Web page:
Multi-tenancy has several interesting use cases. For instance, if you are the CSIRT or CERT of a large multinational organization with several regional teams, you can create an organization for each region within your constituency and enable the analyzers that they may need to use. Let’s assume that you bought a VirusTotal subscription that limits you to 5000 requests per month. You can configure the corresponding analyzers to give each region a fair share of that quota and keeping some requests for your own use.
In case you are a commercial CSIRT or an MSSP, you could do the same for your customers by installing only one Cortex 2 instance and creating an organization for each customer.
By default, Cortex 2 is shipped with the default cortex organization which sole purpose is to create other ones and manage the users within each organization and their associated powers. The cortex organization hosts all users with the superAdmin role and it cannot be used to configure or run analyzers.
As described in the new Quick Start Guide, after installing Cortex 2, updating its database and creating the first user who will have super admin powers, you’ll have to create your first organization and at least one user within that organization with orgAdmin rights.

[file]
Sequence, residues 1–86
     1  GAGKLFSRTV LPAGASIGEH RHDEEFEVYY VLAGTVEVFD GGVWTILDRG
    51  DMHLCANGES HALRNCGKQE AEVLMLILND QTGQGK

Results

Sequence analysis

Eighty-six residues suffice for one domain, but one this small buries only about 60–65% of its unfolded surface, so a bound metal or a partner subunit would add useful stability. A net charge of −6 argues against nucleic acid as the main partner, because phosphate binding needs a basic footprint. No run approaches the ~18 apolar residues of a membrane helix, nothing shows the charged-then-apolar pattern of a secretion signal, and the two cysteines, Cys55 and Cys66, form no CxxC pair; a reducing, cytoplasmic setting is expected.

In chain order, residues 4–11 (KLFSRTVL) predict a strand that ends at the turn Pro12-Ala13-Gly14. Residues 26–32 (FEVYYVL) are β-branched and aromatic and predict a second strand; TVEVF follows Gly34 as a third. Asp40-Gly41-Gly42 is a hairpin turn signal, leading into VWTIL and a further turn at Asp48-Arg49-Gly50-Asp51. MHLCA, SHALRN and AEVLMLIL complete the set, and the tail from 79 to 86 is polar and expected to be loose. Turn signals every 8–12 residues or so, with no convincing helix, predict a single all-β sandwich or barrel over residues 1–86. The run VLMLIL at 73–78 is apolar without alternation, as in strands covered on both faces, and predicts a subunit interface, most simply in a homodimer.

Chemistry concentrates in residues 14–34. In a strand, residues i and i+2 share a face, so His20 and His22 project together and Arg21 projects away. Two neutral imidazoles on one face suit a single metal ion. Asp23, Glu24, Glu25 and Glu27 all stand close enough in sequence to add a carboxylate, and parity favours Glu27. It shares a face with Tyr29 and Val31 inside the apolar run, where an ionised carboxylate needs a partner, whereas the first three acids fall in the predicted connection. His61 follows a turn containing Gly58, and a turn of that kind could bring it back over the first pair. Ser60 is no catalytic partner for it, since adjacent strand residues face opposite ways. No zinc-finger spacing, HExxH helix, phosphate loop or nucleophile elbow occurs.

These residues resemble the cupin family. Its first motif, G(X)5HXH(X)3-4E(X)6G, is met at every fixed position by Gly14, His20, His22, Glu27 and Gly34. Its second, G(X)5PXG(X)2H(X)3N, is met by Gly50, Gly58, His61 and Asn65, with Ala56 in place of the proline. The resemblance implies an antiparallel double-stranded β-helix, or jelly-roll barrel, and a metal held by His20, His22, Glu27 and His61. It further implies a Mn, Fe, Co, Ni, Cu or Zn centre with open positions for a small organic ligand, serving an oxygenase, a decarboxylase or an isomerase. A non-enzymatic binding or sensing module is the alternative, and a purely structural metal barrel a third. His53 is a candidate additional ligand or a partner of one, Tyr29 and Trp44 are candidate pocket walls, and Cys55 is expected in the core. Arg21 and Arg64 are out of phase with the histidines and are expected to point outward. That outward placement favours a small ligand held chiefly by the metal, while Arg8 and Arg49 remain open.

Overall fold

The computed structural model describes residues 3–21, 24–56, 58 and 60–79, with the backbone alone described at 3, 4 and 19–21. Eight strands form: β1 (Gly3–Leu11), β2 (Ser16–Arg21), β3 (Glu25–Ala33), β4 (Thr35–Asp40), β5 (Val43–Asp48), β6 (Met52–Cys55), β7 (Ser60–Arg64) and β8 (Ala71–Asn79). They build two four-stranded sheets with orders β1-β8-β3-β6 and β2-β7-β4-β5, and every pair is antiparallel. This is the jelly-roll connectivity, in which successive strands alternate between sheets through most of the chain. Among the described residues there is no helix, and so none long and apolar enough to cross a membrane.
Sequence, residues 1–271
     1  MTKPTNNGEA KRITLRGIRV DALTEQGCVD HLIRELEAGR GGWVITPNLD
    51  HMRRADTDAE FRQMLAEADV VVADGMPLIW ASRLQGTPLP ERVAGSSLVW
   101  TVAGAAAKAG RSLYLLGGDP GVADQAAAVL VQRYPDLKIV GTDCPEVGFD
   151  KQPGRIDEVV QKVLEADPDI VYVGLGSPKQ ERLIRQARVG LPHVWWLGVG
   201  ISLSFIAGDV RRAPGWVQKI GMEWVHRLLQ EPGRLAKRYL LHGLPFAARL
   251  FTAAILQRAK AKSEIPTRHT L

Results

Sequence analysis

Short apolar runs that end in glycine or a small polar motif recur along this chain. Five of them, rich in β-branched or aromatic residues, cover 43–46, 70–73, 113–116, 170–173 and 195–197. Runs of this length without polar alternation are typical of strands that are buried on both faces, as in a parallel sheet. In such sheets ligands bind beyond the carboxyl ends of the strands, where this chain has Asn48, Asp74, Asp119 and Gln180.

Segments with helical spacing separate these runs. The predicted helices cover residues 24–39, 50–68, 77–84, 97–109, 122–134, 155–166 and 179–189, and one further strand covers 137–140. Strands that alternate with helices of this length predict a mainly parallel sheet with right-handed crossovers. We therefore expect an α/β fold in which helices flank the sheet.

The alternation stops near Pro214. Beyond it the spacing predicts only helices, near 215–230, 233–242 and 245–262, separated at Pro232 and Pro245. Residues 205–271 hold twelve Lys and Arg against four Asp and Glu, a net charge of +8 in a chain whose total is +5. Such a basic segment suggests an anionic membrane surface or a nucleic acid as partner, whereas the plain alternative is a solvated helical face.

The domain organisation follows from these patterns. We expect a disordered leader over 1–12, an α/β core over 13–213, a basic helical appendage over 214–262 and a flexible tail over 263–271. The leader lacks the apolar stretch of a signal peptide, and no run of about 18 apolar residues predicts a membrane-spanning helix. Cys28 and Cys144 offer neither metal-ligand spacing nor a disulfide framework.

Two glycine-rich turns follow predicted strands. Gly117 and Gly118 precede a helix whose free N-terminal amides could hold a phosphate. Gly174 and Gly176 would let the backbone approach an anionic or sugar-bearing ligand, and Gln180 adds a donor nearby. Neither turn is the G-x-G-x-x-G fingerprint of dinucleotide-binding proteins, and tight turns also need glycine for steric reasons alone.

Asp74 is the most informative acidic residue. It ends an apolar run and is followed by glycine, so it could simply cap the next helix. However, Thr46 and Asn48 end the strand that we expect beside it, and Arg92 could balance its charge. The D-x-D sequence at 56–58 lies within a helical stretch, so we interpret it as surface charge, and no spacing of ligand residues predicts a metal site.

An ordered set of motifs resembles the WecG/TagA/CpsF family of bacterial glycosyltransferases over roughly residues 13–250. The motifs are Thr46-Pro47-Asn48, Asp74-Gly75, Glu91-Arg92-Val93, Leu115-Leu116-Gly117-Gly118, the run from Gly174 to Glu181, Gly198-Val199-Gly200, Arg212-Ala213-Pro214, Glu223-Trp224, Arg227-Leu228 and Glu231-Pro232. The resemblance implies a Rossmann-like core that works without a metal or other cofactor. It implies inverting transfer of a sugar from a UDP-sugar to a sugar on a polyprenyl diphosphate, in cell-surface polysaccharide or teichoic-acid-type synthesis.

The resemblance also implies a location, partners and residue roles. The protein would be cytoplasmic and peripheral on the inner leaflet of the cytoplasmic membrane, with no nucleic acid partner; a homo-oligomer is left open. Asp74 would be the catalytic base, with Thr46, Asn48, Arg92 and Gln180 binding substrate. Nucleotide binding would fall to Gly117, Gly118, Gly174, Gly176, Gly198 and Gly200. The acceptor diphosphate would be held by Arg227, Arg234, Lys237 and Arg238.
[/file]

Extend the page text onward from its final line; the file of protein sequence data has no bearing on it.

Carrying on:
You can then log out and log in using the orgAdmin account to create further users within that organization, enable and configure analyzers etc. Please note that no analyzer is enabled by default and you need at least v 1.9.0 of the cortex-analyzers repository. To update your set of analyzers to 1.9.0, please run git pull.
Besides the superAdmin and orgAdmin roles, Cortex 2 introduces the read role which allows users to access analyzer reports and read them but not execute analyzers. For that, users need the analyze role (which implies the read role). orgAdmin users can also run analyzers. superAdmin users are limited to the default cortex organization. While they can create organizations and manage users within them, they cannot access analyzer configurations such as confidential API keys or job reports.